Since 2015 Intel has been dragging their knuckles with the new 10nm Cannon Lake CPUs for the past 3 years now and
Specifically, a chip manufactured at an advertised size of 14nm may not actually have any part that scales to that size. Intel’s are closest to their advertised size. So if you normalize the node sizes across manufacturers, Intel is actually still ahead in
Basically, don’t bother comparing chips on their advertised node size, it’s just marketing and mostly meaningless. Intel has an advantage and a disadvantage with being both a chip designer and manufacturer. When AMD Spun off global foundries (their manufacturing arm), they were relatively free to shop for the best chip manufacturer to make their chips.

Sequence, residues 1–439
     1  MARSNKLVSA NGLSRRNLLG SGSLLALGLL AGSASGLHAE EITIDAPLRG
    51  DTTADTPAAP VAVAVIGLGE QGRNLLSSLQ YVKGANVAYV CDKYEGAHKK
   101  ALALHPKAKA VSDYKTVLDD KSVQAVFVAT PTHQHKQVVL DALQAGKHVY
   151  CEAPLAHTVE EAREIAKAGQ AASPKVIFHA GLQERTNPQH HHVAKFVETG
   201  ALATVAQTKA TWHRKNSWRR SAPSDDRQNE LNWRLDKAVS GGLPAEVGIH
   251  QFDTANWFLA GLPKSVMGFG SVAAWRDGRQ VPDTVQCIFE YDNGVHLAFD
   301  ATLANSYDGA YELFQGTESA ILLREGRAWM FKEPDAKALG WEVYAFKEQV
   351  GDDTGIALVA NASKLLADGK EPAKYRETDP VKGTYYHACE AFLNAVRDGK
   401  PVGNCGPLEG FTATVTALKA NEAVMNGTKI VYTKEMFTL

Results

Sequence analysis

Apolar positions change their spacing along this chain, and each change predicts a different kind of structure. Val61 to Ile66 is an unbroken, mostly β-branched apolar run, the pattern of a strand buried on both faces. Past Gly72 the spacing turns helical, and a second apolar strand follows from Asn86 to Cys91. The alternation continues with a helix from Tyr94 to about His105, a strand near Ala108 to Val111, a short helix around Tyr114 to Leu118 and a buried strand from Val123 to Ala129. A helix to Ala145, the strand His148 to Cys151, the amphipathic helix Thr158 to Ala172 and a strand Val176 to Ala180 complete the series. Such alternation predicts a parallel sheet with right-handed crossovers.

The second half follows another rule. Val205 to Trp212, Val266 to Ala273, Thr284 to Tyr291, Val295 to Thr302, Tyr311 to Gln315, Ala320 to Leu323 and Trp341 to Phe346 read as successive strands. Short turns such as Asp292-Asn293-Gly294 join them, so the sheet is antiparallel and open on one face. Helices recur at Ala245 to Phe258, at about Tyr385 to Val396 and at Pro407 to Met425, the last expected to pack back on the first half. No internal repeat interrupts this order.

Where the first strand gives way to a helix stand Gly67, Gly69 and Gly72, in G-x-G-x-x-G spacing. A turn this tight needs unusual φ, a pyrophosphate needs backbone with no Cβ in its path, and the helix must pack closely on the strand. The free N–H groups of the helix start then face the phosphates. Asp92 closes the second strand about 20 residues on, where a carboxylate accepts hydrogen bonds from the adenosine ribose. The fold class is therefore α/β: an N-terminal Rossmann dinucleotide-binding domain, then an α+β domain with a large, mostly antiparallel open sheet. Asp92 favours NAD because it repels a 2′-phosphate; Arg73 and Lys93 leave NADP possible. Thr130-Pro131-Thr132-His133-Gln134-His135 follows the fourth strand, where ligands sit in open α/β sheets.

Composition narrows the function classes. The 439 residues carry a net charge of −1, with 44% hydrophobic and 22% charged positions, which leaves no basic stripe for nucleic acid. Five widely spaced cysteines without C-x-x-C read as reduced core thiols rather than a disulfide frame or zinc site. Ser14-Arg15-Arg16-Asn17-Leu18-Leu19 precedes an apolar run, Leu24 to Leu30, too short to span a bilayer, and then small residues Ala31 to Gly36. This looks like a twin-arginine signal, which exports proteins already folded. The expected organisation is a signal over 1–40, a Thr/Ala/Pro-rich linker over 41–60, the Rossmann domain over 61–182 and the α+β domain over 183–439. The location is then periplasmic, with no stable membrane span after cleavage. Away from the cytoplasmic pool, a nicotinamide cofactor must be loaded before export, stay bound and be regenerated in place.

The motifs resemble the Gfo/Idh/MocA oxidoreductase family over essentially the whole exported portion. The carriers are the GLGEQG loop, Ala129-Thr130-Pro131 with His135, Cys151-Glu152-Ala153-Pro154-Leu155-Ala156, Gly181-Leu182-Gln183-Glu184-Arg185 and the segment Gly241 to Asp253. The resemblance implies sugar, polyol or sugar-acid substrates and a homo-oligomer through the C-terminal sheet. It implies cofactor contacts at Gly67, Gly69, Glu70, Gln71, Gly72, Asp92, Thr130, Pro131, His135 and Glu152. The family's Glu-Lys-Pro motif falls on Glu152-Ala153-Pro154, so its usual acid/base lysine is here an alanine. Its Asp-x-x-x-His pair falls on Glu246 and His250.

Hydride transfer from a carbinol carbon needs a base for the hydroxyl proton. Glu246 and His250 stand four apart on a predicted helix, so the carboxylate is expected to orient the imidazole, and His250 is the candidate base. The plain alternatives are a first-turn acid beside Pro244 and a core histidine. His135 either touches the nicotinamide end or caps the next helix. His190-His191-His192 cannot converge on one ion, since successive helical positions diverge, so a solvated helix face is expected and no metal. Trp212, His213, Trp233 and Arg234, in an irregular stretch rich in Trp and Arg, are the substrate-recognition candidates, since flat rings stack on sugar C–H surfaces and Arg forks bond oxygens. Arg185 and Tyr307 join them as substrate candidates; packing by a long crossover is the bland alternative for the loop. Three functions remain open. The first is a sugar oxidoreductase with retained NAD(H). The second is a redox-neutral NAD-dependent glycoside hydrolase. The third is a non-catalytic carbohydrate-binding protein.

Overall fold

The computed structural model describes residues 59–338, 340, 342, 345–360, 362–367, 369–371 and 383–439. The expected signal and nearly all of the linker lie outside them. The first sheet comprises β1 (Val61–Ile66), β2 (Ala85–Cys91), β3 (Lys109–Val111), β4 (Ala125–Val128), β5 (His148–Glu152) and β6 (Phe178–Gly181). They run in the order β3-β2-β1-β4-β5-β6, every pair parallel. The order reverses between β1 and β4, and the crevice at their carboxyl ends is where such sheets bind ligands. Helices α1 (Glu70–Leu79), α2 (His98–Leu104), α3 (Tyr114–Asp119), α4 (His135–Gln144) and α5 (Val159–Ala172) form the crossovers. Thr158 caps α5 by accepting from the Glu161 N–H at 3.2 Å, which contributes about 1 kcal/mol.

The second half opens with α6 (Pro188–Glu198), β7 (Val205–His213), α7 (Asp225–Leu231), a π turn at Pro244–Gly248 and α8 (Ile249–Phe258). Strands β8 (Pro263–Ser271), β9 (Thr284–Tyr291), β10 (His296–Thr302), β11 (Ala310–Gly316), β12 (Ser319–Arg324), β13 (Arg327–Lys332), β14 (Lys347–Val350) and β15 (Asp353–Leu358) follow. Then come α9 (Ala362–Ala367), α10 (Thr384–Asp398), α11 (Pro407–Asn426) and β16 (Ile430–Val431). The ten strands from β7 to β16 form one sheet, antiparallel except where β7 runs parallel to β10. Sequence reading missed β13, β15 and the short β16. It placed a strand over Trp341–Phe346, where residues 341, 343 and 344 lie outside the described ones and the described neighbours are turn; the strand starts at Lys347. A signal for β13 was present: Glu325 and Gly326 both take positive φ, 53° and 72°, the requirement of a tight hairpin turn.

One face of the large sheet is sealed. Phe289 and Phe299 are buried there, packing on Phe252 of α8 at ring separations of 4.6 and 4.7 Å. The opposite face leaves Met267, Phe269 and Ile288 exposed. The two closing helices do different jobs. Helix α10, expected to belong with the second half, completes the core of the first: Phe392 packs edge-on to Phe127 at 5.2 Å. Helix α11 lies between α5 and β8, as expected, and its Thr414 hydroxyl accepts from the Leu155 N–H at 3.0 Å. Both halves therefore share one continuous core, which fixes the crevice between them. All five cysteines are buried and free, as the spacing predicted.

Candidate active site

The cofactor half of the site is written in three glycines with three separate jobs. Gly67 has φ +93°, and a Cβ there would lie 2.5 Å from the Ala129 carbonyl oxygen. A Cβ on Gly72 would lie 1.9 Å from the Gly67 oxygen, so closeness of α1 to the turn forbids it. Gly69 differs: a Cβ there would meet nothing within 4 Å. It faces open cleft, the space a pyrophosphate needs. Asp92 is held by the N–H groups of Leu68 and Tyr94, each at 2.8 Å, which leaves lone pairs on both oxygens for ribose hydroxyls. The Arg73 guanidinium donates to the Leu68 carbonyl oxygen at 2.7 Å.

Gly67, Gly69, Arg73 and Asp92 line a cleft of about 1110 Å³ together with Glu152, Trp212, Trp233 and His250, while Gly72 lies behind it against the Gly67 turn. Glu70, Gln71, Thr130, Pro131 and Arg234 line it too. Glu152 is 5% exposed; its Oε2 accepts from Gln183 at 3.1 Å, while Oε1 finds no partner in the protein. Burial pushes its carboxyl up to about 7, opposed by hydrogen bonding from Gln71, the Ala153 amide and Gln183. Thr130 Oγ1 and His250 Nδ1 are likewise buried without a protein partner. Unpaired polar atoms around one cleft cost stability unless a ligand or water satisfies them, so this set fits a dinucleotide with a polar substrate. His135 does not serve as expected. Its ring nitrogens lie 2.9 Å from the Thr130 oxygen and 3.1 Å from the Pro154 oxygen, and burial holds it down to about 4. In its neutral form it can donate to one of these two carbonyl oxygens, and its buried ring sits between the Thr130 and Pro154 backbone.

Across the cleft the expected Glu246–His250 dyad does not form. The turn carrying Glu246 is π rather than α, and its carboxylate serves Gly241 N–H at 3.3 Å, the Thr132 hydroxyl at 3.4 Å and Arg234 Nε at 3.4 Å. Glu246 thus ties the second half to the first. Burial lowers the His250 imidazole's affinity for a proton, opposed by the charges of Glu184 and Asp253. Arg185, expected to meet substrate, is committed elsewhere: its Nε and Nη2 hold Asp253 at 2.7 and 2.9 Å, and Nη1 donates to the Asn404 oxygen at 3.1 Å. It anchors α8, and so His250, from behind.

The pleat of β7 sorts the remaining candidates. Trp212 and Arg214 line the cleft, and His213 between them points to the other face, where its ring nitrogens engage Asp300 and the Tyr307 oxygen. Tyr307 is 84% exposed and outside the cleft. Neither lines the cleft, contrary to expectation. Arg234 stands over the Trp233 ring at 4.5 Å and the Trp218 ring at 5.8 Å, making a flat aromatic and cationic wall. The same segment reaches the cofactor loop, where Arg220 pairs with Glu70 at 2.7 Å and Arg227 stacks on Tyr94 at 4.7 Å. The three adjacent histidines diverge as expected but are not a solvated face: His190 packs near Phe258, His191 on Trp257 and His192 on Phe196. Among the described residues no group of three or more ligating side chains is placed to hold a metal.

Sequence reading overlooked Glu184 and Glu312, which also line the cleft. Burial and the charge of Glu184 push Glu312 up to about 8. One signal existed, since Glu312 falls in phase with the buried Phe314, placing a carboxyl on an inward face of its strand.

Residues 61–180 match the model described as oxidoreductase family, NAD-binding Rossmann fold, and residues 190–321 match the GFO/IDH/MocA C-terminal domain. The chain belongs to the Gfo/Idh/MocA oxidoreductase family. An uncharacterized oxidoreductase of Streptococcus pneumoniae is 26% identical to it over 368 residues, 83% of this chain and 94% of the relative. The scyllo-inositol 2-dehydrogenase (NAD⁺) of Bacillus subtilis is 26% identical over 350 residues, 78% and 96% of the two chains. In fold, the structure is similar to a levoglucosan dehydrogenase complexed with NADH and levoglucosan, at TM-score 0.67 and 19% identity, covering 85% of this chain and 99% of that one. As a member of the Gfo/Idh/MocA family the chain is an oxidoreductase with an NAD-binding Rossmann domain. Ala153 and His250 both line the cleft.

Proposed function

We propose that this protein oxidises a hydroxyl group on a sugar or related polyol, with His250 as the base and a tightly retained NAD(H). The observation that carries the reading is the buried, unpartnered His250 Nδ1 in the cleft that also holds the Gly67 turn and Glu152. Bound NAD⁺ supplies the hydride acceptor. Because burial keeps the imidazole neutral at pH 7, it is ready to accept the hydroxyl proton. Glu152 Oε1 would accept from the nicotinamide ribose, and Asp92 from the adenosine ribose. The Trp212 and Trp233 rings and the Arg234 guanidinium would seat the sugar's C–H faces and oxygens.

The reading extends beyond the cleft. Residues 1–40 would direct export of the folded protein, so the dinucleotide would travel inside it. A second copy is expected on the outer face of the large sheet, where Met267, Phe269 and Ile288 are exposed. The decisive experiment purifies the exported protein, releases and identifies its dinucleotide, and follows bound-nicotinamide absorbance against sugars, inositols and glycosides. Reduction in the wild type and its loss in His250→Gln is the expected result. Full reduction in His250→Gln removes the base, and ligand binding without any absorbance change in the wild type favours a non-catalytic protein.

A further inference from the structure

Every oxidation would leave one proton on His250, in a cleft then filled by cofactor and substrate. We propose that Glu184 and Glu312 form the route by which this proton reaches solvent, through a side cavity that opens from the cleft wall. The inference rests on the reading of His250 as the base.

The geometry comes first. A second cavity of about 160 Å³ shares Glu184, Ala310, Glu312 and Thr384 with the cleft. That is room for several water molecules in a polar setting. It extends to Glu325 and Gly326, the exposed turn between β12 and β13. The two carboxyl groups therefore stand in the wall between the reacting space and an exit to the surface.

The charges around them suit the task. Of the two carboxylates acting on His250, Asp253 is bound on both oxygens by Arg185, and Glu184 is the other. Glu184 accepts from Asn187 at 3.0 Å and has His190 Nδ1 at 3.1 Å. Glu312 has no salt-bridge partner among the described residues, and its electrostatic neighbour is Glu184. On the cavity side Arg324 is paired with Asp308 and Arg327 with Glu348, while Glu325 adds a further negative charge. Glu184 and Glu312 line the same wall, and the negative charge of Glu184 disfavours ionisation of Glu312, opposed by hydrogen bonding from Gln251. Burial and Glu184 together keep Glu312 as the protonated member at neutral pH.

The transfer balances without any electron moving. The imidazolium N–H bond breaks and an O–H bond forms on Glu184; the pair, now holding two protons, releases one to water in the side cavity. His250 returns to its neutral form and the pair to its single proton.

Right now they are going with TSMC because they are first to 7nm. Intel can’t just abandon their factories and go to a rival that has a smaller node technology. Well, they could, but that would destroy their reputation.
As Intel continues to lean on their 14nm silicon, they anticipate challenges with increased demand and supply, which likely is derivative from their 10nm delay. Intel insists they will work with customers and Fabrications to address these issues.